The Center for AAC and Autism

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Why use a voice output communication device?

For over 40 years voice output devices have been used to help individuals with developmental and acquired disabilities to communicate successfully. Voice output devices offer tremendous promise in helping nonverbal individuals with autism overcome their unique communication barriers. The auditory output provides one more sensory feedback to help the child develop his receptive and expressive language skills. Other advantages of voice-output communication devices are explained below.

Clarity of Communication

The key advantage to voice output devices is that the device allows the individual to "talk" which lets the communication partner understand exactly what is being expressed. Methods of AAC that don't have voice output may be difficult for the untrained communication partner to understand, increasing frustration for both the AAC communicator and those with whom he or she is trying to communicate. The auditory output also provides feedback to the device user so he can determine if what he said was actually what he meant to say.

There is also evidence suggesting that pairing the communicated word with voice output may help the child with auditory processing of spoken language.

Expressive language can lead to improved receptive language

Babies start attaching meaning to the sounds that they make through our responses to their babbling. When they babble "mama" and their mother responds with claps, smiles, and kisses, they slowly start to learn what "mama" means. The same process can occur with an AAC device. When the child says a word and we provide a response, he can start attaching meaning to the spoken word. Even when no communication partner is present, the child has the ability to learn words through the auditory output.

Supports Motor Learning/Sensory Integration Principles

We learn new motor skills by attending to and integrating the sensory input related to the task. This involves problem solving or motor planning how to accomplish the task, executing the task, assessing our performance and making modifications for future success.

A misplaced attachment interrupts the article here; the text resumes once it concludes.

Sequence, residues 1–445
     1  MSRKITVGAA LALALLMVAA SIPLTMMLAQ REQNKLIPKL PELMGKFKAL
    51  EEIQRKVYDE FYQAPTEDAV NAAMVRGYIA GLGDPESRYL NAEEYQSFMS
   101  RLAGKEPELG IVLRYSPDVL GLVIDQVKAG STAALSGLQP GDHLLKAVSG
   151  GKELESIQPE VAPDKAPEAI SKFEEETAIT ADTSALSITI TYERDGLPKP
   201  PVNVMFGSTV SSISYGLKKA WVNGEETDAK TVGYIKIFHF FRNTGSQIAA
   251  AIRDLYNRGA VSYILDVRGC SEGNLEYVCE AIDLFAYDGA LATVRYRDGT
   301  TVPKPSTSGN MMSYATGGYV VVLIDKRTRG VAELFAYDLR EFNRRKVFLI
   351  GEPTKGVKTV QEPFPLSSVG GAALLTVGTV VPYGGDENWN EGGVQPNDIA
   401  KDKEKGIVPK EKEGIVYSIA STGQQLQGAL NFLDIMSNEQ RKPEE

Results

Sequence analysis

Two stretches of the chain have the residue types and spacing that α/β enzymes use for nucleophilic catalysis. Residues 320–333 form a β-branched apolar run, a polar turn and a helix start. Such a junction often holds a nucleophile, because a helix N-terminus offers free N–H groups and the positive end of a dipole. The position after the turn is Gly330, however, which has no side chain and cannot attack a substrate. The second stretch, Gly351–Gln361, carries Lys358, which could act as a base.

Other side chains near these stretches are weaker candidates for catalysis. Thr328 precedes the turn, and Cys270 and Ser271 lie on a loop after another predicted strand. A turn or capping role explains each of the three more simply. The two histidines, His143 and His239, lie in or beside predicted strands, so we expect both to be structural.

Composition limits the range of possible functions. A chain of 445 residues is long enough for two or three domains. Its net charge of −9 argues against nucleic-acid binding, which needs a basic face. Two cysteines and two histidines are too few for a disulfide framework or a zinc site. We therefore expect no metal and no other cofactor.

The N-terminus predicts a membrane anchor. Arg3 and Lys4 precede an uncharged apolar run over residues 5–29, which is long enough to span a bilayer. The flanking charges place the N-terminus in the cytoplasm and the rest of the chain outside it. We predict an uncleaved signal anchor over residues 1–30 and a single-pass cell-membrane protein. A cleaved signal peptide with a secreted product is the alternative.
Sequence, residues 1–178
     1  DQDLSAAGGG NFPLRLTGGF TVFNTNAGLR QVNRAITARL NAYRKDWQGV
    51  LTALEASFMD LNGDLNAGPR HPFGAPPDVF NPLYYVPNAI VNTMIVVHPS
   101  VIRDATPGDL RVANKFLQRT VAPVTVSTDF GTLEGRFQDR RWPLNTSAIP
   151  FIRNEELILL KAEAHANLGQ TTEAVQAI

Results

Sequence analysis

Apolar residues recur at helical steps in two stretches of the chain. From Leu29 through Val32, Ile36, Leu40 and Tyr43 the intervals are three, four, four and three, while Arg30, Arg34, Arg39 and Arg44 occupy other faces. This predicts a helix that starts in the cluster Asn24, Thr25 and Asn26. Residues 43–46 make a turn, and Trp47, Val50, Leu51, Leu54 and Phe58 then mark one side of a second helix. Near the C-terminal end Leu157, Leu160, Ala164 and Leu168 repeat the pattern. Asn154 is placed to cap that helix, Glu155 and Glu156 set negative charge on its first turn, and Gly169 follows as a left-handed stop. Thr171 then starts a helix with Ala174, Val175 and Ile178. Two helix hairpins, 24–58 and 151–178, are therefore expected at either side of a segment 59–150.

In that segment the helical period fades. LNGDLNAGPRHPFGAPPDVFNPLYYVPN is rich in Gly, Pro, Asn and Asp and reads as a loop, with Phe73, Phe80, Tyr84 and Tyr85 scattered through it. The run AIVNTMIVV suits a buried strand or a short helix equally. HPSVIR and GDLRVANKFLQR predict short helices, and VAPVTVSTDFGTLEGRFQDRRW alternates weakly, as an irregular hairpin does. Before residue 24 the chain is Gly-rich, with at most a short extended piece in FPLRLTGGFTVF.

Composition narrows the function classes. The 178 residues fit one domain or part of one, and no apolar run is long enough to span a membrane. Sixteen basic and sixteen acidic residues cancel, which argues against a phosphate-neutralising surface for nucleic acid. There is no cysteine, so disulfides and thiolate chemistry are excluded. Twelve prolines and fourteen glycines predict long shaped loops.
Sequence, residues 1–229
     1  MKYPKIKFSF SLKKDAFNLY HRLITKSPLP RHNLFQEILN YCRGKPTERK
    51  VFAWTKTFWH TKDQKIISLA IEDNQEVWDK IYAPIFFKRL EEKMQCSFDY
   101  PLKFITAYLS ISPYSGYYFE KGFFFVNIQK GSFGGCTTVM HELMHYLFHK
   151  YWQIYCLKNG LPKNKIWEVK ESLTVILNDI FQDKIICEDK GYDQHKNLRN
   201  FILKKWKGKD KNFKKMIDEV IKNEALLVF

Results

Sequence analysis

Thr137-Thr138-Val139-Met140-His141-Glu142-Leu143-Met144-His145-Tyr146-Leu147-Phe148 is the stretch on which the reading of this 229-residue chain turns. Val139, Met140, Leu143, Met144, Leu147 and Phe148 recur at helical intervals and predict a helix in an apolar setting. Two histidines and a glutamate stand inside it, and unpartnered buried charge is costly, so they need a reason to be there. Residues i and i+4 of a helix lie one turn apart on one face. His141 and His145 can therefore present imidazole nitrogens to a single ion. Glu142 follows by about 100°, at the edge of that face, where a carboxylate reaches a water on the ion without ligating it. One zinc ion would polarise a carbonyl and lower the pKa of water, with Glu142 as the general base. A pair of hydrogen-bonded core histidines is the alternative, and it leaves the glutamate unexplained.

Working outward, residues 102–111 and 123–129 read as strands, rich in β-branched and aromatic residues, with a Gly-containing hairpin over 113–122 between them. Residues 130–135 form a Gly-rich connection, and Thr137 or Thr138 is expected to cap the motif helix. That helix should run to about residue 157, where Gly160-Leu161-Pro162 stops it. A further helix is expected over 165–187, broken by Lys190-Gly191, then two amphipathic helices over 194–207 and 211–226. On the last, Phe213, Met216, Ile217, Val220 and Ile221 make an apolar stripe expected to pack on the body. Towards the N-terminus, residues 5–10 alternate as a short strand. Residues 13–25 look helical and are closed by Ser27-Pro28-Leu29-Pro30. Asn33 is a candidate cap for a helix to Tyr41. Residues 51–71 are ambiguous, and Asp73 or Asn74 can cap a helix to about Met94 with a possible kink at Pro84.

When this process is interrupted, learning is difficult. Verbal speech is a very complicated task. Neurological issues associated with autism (i.e. sensory processing disorders, sensory integration issues, distractibility, and apraxia) may interfere with any or all aspects of this motor learning process.

An AAC method that simplifies the sensory processing and motor planning involved in communicating and provides consistent auditory output matched with a consistent motor plan, allows the child to complete the motor learning process. An individual becomes more skilled with each opportunity to complete the motor learning process.

Increased verbal speech

Studies and anecdotal reports indicate that the use of AAC not only enhances communication effectiveness but also speech production and intelligibility, particularly if the AAC method has voice output. Several reasons are proposed for this phenomenon. A speech output device may improve verbal speech as it allows the non-verbal child to become an active participant in the learning process. Or, because synthesized speech lacks the prosodic and intonation variations of natural speech, the consistent auditory signal might be easier for the autistic child to recognize. Another factor may be that having the ability to combine sounds and words together in different ways helps improve phonological awareness.

Development of Literacy

Before literacy can develop, the individual must have a strong language foundation. Language foundations for non-verbal individuals are enhanced with the use of voice output communication devices. AAC devices that offer pairing of text with the graphic representation of a word and/or a text display of the spoken words provide an opportunity for developing word recognition. The text can also strengthen the device user's spelling skills.